Citizen judges will also try the Chief Justice

Voltaire Tupaz

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Sen Francis Escudero: this is what also makes the process political

MANILA, Philippines – “Maraming salamat po, and I love you all!”

Chief Justice Renato Corona, in a rally this morning, Jan 16, 2012, punctuated his speech with a public declaration of affection. The public, after all, will influence the verdict of the Senate convened as an impeachment court.

In an interview via Twitter, Senator-juror Francis Escudero (@SayChiz) said the people participate as “citizen jurors” during the impeachment trial.

“In a sense, this also makes the process ‘political’ because the public can be part of the proceedings, be ‘citizen judges’ and make known their opinion without fear of being sanctioned.” 

Escudero was the first interviewee on Rappler’s Ambush, a quick and brief interview with newsmakers conducted on the popular microblogging site. This writer moderated the online exchange that included Rappler executive editor Maria Ressa (@Maria_Ressa) and multimedia reporter Ayee Macaraig (@AyeeMacaraig). 

Asked by Ressa about what the stake is for the Philippines with this impeachment, Escudero replied, “Our ability to show and prove to the world that we can settle our differences legally, peacefully and rationally both as a country and as a people.”

Political or judicial

Pressed by Twitter user Milken Cutamora (@milkenc) if the process is political or judicial, Escudero explained, “The impeachment trial is a political and judicial process — political because elected reps get to prosecute and decide the case, and judicial in that, certain rules of procedure, rights and decorum must be observed during the trial.”

However, during the opening of the impeachment trial this afternoon, Senate President Juan Ponce-Enrile emphasized, “No other body can try this case. People have no authority to decide.”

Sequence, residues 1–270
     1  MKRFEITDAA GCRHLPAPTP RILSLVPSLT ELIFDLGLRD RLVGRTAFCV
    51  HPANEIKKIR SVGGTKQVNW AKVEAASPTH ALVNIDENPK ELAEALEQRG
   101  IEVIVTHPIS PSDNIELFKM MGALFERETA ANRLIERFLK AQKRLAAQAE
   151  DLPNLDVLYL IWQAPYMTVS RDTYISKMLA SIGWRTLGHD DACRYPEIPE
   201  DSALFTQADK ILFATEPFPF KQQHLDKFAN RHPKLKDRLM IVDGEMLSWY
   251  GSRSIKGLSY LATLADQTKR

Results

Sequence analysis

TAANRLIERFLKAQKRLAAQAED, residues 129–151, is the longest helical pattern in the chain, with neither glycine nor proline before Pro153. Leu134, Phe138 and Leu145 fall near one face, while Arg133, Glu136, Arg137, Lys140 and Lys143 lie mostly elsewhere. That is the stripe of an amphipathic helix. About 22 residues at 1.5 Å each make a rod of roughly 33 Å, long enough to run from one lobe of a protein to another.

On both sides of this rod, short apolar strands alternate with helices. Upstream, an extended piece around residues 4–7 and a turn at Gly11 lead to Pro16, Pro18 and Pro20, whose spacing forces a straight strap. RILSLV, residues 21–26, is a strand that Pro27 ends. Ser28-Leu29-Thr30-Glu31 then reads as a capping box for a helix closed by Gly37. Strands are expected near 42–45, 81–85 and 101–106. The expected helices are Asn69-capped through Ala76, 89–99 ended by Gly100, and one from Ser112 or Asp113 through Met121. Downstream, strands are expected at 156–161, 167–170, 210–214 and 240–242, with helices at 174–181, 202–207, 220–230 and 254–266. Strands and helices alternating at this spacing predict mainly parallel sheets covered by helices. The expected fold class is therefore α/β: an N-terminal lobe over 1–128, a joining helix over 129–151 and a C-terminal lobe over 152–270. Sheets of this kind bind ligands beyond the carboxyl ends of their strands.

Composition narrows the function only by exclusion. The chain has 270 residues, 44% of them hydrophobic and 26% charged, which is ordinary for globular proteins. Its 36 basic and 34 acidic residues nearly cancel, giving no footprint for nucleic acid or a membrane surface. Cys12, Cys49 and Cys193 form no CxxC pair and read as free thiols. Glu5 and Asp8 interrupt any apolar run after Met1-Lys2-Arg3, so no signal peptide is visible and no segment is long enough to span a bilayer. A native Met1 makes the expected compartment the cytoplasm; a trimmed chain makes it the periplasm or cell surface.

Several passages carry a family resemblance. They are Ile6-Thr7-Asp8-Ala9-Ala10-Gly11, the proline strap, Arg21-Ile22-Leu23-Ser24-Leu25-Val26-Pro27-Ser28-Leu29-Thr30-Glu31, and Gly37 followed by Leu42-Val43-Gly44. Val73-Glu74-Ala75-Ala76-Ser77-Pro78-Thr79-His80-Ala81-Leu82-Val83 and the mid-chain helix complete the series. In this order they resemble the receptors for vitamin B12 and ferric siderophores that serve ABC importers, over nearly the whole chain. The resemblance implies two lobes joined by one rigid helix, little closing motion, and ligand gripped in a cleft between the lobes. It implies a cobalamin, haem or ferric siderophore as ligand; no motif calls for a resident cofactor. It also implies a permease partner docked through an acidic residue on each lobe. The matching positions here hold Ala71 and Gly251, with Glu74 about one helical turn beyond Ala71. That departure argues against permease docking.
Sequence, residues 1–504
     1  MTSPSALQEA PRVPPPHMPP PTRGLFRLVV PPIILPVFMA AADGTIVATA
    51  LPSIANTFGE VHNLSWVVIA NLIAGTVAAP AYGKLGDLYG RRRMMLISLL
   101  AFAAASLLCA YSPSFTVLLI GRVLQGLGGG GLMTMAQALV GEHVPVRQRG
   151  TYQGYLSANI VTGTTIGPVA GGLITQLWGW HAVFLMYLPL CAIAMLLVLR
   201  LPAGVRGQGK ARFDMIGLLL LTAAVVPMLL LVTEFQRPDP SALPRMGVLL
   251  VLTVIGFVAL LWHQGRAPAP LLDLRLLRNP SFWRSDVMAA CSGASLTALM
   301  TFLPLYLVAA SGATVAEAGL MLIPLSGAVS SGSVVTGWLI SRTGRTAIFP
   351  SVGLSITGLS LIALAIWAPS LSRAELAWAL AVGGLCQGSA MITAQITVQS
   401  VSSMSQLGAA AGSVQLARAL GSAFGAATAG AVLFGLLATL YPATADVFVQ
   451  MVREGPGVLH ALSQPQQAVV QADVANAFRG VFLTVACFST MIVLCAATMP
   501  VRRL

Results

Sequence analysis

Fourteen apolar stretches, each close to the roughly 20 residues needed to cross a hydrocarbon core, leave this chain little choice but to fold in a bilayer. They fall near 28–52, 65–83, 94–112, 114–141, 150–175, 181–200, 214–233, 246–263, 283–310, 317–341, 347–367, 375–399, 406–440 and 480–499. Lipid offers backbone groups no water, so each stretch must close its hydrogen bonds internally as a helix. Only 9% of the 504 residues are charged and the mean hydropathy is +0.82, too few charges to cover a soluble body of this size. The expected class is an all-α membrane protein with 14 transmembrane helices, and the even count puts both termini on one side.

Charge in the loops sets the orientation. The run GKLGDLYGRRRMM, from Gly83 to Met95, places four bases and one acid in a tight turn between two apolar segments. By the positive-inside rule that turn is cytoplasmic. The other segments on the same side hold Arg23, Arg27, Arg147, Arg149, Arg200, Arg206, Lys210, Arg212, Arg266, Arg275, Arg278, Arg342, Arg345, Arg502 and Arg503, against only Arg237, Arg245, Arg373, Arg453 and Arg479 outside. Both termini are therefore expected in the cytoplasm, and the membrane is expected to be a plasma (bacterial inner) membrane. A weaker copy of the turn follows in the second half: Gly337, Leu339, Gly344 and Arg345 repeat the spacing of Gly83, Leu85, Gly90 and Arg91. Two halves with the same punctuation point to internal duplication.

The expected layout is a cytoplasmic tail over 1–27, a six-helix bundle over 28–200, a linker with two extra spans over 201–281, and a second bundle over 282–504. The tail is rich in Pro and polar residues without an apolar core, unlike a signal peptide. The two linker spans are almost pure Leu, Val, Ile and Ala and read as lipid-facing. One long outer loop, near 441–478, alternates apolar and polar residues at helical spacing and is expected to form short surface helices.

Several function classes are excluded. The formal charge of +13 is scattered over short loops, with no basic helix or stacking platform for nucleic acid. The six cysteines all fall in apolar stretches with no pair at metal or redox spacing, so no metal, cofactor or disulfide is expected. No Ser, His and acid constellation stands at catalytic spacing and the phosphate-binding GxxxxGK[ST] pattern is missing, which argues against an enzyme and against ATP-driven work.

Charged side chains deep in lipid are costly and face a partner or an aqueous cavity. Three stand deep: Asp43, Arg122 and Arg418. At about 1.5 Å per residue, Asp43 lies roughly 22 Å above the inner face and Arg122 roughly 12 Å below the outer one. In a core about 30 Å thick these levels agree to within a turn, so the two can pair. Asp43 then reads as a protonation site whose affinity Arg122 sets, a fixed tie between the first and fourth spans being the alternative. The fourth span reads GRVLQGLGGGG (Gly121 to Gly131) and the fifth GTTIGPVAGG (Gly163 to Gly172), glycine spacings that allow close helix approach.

Ruling on a motion to sanction prosecutors who earlier divulged evidence to media, Enrile also warned the prosecution and defense panels to forego discussion and presentation of evidence outside the impeachment court.

But according to Escudero, “The sub judice rule does not apply to an impeachment trial. At best, we can proscribe discussion of the merits by the jurors, the parties, their counsels and witnesses.”

Senate on trial

Responding to a question from Macaraig on whether the Senate will share with the public the result of the caucus they held this morning, Escudero said there’s “no gag rule with respect to what was discussed. That’s why it is my fervent hope that this time we get to finish what we started.”

“We, the jurors and the Senate, in a way, will also be on trial. Whatever the outcome, it must be perceived to be fair for it to be acceptable whatever our collective decision may be,” Escudero added.

When asked how the Senate will avoid trial by publicity, Escudero replied, “You get to be the judge if the trial is fair, given that it will be covered by media. I hope that it will be perceived as such.”

For Sen Ferdinand “Bongbong” Marcos Jr (@bongbongmarcos), the best way is to keep mum and stay away from social networking sites. After the first day of the trial was adjourned, Marcos posted on his Twitter account: “I have decided to suspend my TWITTER and FACEBOOK accounts for now, in compliance with the Senate Impeachment Rules. Thank you.” –

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